This post has been corrected, as detailed below.
Twenty years ago this week, a new face debuted on Japanese television: ditzy, often klutzy, the 14-year-old Serena had a disdain for homework, often overslept and seemed forever hungry, especially for desserts — hardly a prepossessing heroine.
But Serena’s arrival on “Sailor Moon,” based on the manga by Naoko Takeuchi, would alter the course of animation and fandom on both sides of the Pacific. The manga and the original 43-episode program “Bishojo Senshi Sera Mun” (variously translated as “Pretty Soldier, Guardian” or “Scout, Sailormoon”) spawned sequels, movies, video games, stage musicals, a live-action TV show and countless licensed products, from dolls to Cosplay costumes. “Sailor Moon” also sparked an interest in shojo (girls’) manga and anime in America.
Serena thinks of herself as the ordinary girl she appears to be until the talking cat Luna explains she’s really the Moon Princess, whose mother arranged for her and her protector-friends to be reborn in the future, away from the evil forces of the Dark Kingdom. (Serena’s name, Usagi or “Rabbit,” emphasizes her link to the moon; in Japanese folklore, there’s a Rabbit, rather than a Man in the Moon.) With Luna’s help, Serena re-discovers her long-lost friends: Amy, Mina, Raye and Lita are Sailors Mercury, Venus, Mars and Jupiter. Also on hand is Serena’s heartthrob Darien, who appears as the debonair Tuxedo Mask. Later in the series, they’re joined by Sailors Uranus, Neptune and Pluto, and Serena’s future daughter, the ultra-cute Rini.
The Sailor Scouts must defeat a variety unsavory villains, whose schemes involve pillaging the delicate feelings of others to gain energy and power for their dark overlords. Professor Tomoe and his assistant Kaorinite unleash shape-shifting “daimons” to steal the crystalline hearts of the pure. When the eerie Dead Moon Circus appears in Tokyo, Ringmaster Zirconia sends out the Amazon Trio to find a “mirror of beautiful dreams” that will enable them to capture the magical Pegasus.
The series presents a message of female empowerment in a candy-colored wrapper. When Serena makes her transition to her alter-identity Sailor Moon (a sequence as essential to every episode as Clark Kent ducking into a phone booth to emerge as Superman), she keeps her mini-skirted schoolgirl’s uniform, which resembles a sailor suit, and acquires gloves, a tiara, a magic wand and high-heeled boots on her impossibly long legs: Supergirl meets Heidi Klum, with a stripper’s version of Shirley Temple fashions. But when she announces to malefactors, “For love and justice, I am the pretty sailor-suited soldier Sailor Moon! In the name of the moon, I will punish you!” it’s no idle threat. Even the dashing Tuxedo Mask sometimes needs rescuing.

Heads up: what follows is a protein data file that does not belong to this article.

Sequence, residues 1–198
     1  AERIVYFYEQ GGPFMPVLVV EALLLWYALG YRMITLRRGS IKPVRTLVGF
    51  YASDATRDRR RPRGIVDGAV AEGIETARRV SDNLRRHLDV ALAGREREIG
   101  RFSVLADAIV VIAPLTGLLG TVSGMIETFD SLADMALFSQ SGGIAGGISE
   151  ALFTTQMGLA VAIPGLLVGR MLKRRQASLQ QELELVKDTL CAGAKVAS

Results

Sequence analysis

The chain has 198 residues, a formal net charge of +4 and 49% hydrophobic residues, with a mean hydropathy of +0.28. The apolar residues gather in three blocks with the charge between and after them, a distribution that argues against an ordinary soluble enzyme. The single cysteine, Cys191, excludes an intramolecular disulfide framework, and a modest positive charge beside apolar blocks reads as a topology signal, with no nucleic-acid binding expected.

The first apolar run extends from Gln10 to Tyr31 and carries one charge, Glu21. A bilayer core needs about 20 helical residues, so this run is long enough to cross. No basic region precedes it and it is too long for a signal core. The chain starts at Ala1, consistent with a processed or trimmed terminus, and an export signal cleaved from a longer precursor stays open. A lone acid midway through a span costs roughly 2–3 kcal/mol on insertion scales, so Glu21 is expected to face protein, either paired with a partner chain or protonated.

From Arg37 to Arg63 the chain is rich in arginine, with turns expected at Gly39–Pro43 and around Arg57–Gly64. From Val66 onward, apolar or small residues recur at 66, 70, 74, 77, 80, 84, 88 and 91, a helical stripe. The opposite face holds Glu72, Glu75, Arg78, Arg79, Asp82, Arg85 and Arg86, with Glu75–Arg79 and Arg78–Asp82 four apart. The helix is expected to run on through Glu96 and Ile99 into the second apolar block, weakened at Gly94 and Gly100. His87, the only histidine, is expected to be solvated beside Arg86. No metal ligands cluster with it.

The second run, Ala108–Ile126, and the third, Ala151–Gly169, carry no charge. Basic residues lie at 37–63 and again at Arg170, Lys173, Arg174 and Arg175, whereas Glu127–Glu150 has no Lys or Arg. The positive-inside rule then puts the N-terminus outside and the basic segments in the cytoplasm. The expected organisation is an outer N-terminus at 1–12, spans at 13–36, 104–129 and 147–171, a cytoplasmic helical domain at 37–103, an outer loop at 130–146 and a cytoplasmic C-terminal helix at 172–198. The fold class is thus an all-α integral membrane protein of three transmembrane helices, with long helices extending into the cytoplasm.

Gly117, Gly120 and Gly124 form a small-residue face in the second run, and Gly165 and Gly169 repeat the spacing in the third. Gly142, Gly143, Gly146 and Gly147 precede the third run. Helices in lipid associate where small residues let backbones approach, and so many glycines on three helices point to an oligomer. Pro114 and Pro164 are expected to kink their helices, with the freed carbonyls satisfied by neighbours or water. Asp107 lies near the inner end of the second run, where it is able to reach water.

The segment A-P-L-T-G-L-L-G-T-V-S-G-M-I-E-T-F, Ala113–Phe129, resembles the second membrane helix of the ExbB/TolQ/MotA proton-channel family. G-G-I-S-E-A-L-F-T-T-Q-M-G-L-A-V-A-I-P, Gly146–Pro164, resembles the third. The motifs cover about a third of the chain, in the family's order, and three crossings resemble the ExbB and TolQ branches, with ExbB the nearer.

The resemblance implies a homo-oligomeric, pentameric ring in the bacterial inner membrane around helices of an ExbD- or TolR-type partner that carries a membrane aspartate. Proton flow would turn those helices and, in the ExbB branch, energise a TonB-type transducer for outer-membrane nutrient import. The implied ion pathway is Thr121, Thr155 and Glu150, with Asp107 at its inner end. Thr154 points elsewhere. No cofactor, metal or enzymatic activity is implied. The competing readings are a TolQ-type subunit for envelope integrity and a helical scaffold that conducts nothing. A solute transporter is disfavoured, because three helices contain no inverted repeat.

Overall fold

“We believe that part of the lasting appeal of ‘Sailor Moon’ comes from the empowerment that it provides,” says Yasumasa Shimizu, President of Kodansha USA Publishing, which publishes the English translation of the manga in America. “It is a story that encourages young people to stand up for themselves, be independent, and fight for what is right. Sailor Moon’s journey is one of friendship, determination, magic and love.”
Like many classic fairy tales, the stories show seemingly frail young girls drawing on hidden reserves of power to defeat an array of powerful villains from the Dark Kingdom. Takeuchi had originally planned the manga as a brief, 14-chapter tale, but it proved so popular her editors convinced her to expand it to 52 chapters. In Japan, the anime enjoyed a similar popularity and helped to revitalize the “magical girl” genre.
Until the animated “Sailor Moon” appeared in the U.S. in 1995, there was little interest in anime series aimed at girls. Although DIC substantially reworked the storylines to make them more appropriate for younger viewers, the program proved popular enough to compel its young female audience to buy the manga, DVDs and related products. Many of these girls hadn’t frequented comic book stores or the small import shops that deal in anime paraphernalia. But as American girls shared “Sailor Moon” with their friends, the audience grew rapidly, leading to the release of more shojo series and a boom in anime fandom among girls and young women.
Frederik Schodt, the author of “Manga! Manga! The World of Japanese Comics,” comments, “I remember going to anime conventions in the U.S. and seeing lots of little girl fans in ‘Sailor Moon’ outfits—and lots of big, burly middle-aged men wearing them for fun. It was proof to me that Japanese animation had really gone completely, absolutely mainstream. I also marveled at how entertainment properties can be reinterpreted in completely novel ways across cultures, and provide even more entertainment than the creators ever imagined.”
The influence of “Sailor Moon” can be seen on numerous series involving magical girls, from “Fushigi Yugi: The Mysterious Play” and “Cardcaptor Sakura” in Japan to “The Powerpuff Girls” in the U.S. In the current best-selling fantasy-adventure “Fairy Tail,” the redoubtable wizard Erza dons her magical armor in a transition scene that recalls Serena in “Sailor Moon.” Never underestimate the power of a pretty girl in a sailor suit.
For the record, 8:55 p.m., March 8.: An earlier version of this post said Serena’s future daughter was named Chibiusa. In the U.S. version of “Sailor Moon,” she was named Rini.
— Charles Solomon
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